Hiding problems with your Windows 10 taskbar and Start menu might be reasonably simple. Regularly, you may upgrade drivers using Windows 10 updates and go to the manufacturer’s website for specific hardware to get updates.

If you’re having trouble with your Windows 10 Taskbar, see whether updated drivers are the cause. Next, check to see whether outdated drivers are the source of your problem. The best way to check & update outdated drivers is by using a third-party tool called Driver Booster 8. Install it on your PC & it’ll list all the obsolete drivers you should update to the latest version.

When Windows 10 Taskbar Icon Missing

If the System Tray at the bottom right of your screen doesn’t display the clock and other features, you’ll need to go to a command prompt to resolve it. To access the Power User Menu, first, type Windows + X on your keyboard. Next, open a Command Prompt (Admin) or Windows PowerShell (Admin) window using the Windows + X shortcut.

If neither works, try typing “SFC/scannow” in the Command Prompt or, if that doesn’t work, consider using another utility called DISM to launch Disk Image Servicing and Management (DISM), which will allow you to confirm that your Taskbar has returned to normal after a reboot: DISM /Online /Cleanup

Taskbar Unable to Hide

If the Taskbar’s auto-hide function doesn’t work, restart your computer again. Try one of these solutions. If restarting doesn’t solve the problem or it happens all the time, you can try to apply the following fixes:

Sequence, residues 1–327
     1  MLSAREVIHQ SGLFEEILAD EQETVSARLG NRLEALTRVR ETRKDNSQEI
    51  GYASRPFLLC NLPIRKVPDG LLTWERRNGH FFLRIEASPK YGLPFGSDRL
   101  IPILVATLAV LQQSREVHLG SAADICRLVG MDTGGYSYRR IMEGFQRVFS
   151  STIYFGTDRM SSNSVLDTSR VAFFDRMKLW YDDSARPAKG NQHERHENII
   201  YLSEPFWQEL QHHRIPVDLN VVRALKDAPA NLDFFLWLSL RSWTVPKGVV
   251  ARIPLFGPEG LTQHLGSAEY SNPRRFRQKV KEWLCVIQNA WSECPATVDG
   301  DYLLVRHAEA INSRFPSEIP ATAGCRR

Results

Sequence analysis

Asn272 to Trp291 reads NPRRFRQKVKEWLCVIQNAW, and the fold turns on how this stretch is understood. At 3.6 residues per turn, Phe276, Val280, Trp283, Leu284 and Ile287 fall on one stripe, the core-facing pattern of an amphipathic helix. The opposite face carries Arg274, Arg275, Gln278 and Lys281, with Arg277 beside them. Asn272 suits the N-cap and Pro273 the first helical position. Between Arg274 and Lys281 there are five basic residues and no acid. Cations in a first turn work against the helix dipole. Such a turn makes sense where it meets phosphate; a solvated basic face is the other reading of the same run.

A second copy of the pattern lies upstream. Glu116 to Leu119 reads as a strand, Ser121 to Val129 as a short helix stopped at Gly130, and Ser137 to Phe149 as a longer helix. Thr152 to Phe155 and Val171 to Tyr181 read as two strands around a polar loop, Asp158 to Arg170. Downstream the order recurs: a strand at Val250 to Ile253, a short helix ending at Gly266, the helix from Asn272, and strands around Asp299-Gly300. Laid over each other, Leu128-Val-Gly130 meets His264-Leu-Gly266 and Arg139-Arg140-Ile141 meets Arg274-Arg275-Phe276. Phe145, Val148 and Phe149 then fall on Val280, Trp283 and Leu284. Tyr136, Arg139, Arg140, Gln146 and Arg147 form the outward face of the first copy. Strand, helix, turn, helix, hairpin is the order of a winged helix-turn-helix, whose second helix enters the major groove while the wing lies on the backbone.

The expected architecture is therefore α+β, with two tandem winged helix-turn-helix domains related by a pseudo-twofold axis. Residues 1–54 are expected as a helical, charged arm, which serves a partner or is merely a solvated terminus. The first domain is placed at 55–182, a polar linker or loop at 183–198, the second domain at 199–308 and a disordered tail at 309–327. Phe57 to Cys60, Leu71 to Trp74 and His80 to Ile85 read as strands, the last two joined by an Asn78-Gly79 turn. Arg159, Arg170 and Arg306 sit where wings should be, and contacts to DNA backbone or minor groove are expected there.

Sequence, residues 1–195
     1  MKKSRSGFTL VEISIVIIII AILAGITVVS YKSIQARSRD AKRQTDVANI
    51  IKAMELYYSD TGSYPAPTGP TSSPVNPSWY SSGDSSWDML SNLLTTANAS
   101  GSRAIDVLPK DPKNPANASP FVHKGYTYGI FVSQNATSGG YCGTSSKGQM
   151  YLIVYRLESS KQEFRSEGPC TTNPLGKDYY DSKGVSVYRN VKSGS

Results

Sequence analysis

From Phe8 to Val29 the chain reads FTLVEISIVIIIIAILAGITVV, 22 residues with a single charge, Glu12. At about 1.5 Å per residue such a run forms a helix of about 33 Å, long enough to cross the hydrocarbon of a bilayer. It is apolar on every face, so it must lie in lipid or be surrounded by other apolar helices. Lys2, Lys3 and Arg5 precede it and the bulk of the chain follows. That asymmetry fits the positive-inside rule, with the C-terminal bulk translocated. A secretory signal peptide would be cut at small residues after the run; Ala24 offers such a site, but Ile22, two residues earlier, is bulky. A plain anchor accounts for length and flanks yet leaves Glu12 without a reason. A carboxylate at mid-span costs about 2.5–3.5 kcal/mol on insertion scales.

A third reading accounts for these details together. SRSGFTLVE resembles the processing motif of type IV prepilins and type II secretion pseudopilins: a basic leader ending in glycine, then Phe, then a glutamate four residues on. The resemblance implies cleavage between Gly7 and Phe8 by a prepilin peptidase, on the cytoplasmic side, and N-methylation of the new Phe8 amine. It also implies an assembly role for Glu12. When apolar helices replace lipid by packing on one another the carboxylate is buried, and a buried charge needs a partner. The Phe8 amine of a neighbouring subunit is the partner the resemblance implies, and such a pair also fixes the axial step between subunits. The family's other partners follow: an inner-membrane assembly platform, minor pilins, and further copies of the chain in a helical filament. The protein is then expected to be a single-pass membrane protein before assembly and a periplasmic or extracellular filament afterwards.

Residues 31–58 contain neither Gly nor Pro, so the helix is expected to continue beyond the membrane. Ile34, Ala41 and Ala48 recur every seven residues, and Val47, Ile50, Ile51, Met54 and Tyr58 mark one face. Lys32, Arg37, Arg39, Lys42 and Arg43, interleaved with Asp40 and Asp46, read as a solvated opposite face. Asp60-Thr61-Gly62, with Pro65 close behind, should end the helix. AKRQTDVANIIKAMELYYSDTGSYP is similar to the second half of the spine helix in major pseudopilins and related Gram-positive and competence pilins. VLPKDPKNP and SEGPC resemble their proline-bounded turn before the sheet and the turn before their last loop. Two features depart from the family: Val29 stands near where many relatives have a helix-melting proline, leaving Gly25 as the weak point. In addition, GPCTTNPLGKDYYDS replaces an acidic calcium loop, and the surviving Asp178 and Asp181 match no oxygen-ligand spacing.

Confirm Auto-Hide Status

Make sure auto-hide is turned on. Check under Settings > Personalization > Taskbar to make sure you’re automatically hiding the Taskbar in desktop mode is enabled. Disabling it and re-enabling it again to shake things up.

Check Error Messages

The Taskbar fails to disappear by itself because there is an application you need to use. Check through your open applications for any error messages or other indications that something must be saved.

Check Apps in the System Tray

Look in the System Tray for open applications if checking your active apps doesn’t work. One may be running in the background and need your attention, but it may not be immediately recognized as such. If you’re frequently hitting this snag, try lowering app notifications. Open Settings > System > Notifications & Actions or look for the option to adjust notifications.

Check for Glowing App Icon

An application demanding your attention is one of the most frequent reasons for the Taskbar not to retract automatically. While this usually comes with a bright app icon, it isn’t always apparent.

Check for Unknown Alerts

Examine your browser’s “attention” setting to see whether any error messages or other alerts are waiting for you when you’ve gone through all of the applications that you have opened. For example, if a website displays a notification, your browser can enter this “attention” state.

If this problem persists, consider adjusting notification settings for the app that is always stuck— visit Settings > System > Notifications & actions or go into the app’s settings. Then, if required, reinstall the program.

Conclusion

Even though the taskbar not working isn’t that big of an issue, this becomes quite annoying when it happens again & again.

And I hope with the different solutions mentioned in this post, you will be able to address this issue at the earliest.

That’s all for now.

If you’ve got any questions for me, please let us know in the comments section given below.